• Talk to other parents, teachers, daycare providers, etc., about PVC toy facts. Together, we can create “critical mass” to get safer toys made for our children.

For more information on toxic toys, see the following “Health News” items in past issues of Mothering: “PVC Toys Part 2,” no. 88 and “PVC Toys,” no. 87.

J. H. Christensen lives in Minneapolis , MN with her husband, two sons, two cats, and a dog. She has been an environmental activist for the past ten years, with an emphasis on stopping dioxin polluting.

Notes

1. Susanne Moller, Jorgen Larsen, Jens Erik Jelnes, Henriette Faergemann, Lars Morck Ottosen, Flemming Egtoft Knudsen, Danish Technological Institute, Environmental Technology, “Environmental Aspects of PVC,” Danish Environmental Protection Agency, 1995, 24, 28.

2. See Note 1, p. 11.

3. K. Vinkelsoe, G. H. Jensen, E. Johansen, L. Carlsen, and S. C. Rastogi, “Migration of Phthalates from Teething Rings,” Danish Department for Environmental Chemistry, April 15, 1997.

4. World Wildlife Fund Canada , “Known & Suspected Hormone Disrupters List,” www.wwfcanada.org/hormonedisruptors/list.html

5. Agency for Toxic Substances and Disease Registry, “DEHP, Di(2-ethylhexyl) phthalate,” ToxFAQs, April 1993.

6. See Note 5.

7. See Note 5.

8. Agency of Toxic Substances and Disease Registry public health statement, Di-N-Butyl Phthalate, December 1990.

9. R. S. Labow, Y. A. Barry, M. Tocchi, W. J. Keon, “The Effect of Mono(2-ethylhexyl) phthalate on an Isolated Perfused Rat Heart-Lung Preparation,” Environmental Health Perspectives , (November 1990):189.

10. Theo Colborn, Dianne Dumanoski, and John Peterson Myers, Our Stolen Future: Are We Threatening Our Fertility, Intelligence, and Survival? A Scientific Detective Story (New York: Dutton, 1996), 51.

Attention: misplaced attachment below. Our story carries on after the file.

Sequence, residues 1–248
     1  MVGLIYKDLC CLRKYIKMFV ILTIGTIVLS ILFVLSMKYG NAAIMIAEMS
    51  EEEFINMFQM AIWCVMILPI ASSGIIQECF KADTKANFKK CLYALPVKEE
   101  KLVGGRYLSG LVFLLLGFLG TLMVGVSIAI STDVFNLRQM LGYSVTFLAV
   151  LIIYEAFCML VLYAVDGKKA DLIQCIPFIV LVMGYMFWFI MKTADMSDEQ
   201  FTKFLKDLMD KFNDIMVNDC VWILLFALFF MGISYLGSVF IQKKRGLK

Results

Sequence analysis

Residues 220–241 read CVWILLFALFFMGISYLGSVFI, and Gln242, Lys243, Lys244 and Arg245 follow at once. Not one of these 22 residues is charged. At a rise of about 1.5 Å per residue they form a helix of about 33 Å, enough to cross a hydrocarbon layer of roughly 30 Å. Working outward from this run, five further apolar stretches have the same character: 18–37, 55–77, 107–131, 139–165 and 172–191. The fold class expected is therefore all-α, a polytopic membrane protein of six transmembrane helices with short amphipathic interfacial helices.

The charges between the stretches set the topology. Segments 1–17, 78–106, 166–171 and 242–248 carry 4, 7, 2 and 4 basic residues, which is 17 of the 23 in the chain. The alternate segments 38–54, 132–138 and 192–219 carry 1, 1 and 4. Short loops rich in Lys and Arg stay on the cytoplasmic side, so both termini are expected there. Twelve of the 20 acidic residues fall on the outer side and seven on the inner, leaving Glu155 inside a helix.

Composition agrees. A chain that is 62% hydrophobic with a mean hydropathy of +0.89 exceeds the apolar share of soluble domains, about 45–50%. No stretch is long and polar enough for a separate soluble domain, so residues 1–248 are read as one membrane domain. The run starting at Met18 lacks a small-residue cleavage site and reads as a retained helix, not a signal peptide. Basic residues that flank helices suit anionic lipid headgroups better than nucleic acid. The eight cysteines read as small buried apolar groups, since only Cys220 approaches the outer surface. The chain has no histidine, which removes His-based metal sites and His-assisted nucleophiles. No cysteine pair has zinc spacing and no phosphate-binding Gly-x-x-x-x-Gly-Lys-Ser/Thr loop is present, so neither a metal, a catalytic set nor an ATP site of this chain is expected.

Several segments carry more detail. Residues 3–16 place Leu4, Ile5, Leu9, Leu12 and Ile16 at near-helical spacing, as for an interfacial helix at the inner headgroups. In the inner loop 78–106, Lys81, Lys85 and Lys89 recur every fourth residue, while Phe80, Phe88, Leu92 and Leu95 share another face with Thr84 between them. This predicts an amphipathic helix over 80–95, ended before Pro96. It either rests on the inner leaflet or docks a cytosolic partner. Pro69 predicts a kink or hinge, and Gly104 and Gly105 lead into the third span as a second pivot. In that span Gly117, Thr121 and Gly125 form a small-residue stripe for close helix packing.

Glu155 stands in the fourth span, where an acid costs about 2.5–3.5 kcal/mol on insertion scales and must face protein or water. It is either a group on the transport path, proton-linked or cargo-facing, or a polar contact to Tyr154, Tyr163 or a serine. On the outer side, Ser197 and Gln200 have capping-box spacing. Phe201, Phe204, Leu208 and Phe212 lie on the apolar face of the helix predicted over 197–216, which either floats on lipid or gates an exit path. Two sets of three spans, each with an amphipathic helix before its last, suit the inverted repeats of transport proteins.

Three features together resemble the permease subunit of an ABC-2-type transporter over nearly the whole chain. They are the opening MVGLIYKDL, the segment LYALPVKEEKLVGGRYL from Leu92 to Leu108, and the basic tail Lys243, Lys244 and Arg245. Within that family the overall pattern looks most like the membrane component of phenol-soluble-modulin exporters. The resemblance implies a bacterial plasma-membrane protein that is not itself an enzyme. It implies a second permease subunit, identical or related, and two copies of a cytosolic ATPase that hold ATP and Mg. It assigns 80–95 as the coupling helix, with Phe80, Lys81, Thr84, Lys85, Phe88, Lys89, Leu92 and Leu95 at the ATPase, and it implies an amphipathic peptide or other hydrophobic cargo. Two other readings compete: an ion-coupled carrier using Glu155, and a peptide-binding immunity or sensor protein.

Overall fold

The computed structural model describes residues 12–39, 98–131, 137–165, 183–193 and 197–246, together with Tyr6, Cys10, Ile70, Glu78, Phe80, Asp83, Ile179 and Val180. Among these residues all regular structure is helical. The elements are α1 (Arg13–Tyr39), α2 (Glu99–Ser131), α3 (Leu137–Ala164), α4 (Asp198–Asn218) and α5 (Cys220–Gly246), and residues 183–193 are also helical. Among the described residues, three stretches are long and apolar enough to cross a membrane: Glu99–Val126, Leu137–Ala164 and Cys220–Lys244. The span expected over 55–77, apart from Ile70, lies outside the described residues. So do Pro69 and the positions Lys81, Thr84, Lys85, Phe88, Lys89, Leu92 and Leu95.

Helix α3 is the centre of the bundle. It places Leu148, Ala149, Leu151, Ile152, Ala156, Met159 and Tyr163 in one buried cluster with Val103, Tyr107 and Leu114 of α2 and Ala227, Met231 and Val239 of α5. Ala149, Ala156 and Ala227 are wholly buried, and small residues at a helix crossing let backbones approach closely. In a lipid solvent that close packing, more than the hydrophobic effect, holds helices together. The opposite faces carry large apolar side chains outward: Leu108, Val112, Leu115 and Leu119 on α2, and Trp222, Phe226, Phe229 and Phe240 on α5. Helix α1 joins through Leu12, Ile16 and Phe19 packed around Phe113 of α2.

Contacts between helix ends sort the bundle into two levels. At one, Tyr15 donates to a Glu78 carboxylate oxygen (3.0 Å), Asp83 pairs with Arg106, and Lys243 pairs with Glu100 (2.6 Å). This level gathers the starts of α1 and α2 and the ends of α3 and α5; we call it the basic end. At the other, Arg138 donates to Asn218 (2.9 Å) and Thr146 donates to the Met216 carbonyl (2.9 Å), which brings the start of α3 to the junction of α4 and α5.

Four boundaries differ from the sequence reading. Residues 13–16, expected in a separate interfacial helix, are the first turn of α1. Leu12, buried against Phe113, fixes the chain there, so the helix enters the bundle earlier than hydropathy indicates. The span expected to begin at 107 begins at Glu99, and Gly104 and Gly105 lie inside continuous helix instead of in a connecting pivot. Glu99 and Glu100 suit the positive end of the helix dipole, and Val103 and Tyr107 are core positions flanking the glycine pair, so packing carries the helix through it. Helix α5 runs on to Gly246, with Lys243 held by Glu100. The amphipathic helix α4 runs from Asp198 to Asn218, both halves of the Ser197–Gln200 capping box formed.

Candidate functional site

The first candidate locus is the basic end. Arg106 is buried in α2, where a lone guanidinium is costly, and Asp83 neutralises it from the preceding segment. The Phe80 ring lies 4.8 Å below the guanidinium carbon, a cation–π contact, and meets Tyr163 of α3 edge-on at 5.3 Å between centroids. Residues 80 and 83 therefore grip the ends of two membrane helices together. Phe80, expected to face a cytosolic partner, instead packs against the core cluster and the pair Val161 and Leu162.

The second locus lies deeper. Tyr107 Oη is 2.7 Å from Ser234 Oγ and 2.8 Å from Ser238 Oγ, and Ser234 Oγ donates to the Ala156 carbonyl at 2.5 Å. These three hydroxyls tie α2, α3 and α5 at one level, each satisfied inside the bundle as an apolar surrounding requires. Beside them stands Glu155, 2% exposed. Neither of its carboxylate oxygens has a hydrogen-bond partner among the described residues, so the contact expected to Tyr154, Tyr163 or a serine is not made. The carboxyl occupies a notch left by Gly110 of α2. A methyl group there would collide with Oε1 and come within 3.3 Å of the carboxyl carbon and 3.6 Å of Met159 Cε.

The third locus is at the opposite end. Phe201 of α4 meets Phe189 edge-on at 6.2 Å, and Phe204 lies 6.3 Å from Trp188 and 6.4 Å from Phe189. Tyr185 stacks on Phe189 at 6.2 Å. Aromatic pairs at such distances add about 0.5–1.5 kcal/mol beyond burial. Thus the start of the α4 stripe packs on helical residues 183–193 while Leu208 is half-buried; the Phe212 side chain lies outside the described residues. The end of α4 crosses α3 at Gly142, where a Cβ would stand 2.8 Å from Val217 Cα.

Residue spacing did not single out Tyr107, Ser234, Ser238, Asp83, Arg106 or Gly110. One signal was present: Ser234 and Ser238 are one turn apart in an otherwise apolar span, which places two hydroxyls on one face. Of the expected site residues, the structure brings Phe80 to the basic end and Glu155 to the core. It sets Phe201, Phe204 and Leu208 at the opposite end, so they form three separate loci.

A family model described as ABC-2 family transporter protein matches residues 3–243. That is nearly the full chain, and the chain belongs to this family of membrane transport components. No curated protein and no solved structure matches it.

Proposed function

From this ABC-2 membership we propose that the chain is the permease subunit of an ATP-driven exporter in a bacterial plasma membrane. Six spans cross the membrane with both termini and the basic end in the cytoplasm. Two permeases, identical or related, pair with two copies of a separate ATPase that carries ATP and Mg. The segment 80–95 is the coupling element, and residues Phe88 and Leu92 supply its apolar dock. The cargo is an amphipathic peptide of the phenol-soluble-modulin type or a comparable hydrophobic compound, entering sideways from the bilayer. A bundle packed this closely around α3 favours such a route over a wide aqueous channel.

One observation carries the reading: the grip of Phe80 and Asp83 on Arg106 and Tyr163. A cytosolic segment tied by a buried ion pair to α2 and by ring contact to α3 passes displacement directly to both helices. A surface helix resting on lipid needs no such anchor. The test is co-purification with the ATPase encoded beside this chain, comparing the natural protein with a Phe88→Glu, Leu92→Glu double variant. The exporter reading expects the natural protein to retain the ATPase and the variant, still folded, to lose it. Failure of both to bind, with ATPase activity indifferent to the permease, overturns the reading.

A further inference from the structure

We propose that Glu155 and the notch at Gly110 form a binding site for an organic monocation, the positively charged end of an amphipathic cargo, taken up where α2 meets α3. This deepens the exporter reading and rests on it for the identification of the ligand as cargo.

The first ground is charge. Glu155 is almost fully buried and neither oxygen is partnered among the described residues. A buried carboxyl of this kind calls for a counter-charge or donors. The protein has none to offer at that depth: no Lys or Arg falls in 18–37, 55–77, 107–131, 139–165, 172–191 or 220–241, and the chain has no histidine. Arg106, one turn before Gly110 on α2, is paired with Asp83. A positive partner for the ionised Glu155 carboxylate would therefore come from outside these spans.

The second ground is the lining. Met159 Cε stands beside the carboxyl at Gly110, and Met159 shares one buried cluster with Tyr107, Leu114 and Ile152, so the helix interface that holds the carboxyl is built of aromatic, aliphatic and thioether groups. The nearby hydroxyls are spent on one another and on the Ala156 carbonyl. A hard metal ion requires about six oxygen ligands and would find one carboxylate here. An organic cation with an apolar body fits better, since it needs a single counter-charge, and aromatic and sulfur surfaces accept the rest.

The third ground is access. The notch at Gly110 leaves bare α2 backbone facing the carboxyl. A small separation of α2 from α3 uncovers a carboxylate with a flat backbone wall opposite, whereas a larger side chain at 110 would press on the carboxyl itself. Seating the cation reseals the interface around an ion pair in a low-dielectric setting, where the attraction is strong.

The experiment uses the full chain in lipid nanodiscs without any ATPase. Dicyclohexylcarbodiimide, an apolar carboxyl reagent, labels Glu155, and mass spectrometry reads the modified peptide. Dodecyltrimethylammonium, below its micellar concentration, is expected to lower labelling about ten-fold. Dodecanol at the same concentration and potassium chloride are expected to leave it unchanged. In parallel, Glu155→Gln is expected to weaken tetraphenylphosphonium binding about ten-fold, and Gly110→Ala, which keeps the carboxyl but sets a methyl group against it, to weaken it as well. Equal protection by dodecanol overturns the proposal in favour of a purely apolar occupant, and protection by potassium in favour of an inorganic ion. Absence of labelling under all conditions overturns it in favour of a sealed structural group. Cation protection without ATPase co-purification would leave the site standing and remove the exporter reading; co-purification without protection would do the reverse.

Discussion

11. Edward J. Wickson, editor, Handbook of Polyvinyl Chloride Formulating (New York: John Wiley & Sons, Inc., 1993), 907.

12. See Note 1, , p. 33, 34.

13. See Note 1, p. 24, 28.

14. Lois Gibbs and Citizens Clearinghouse for Hazardous Waste, Dying From Dioxin: A Citizen’s Guide to Reclaiming Our Health and Rebuilding Democracy (Boston, MA: South End Press, 1995), 138-139.

15. See Note 1, pp. 38, 39.

16. Ed Norman, “Imported Plastic Mini-Blinds Identified as Potential Source of Lead Poisoning,” North Carolina Department of Environment, Health, and Natural Resources, March 4, 1996 .

17. See Note 1, p. 66.

18. See Note 1, p. 67.

19. “Known & Suspected Hormone Disrupters List.”

20. Joseph Di Gangi, PhD, “Lead and Cadmium in Vinyl Children’s Products” (Washington, DC: Greenpeace USA, September 1997), 4.

21. See Note 20, p. 5.

22. Washington Citizens for Recycling. Plagued by Plastic Packaging . Seattle , Washington . 1995. p. 7.

23. “Hormone Chemical Fears Hit PVC Baby Toys,” Environmental Data Services: Environment Daily , May 28, 1997 .

24. “Toy Industry to Study PVC Health Effects,” Environmental Data Services: Environment Daily , June 3, 1997 .

25. ” Denmark Accused of Phthalates ‘Witch Hunt’,” Environmental Data Services: Environment Daily , June 12, 1997 .

26. ” Sweden Redraws Chemicals, Environment Policies,” Environmental Data Services: Environment Daily , May 15, 1998 .

27. “EU Commission to Propose Phthalate Controls,” Environmental Data Services: Daily News in Brief , May 20, 1998 .

28. ” Europe Moving Toward Emergency Ban on Some PVC Toys,” Endocrine/Estrogen Letter , May 19, 1998 .

29. “EU Committee Concerned About Two Phthalates,” Endocrine/Estrogen Letter , May 19, 1998 .

30. ” Europe Moving Toward Emergency Ban on Some PVC Toys,” Endocrine/Estrogen Letter , May 19, 1998 .

31. “Hormone Chemical Fears Hit PVC Baby Toys,” Endocrine/Estrogen Letter , May 19, 1998 .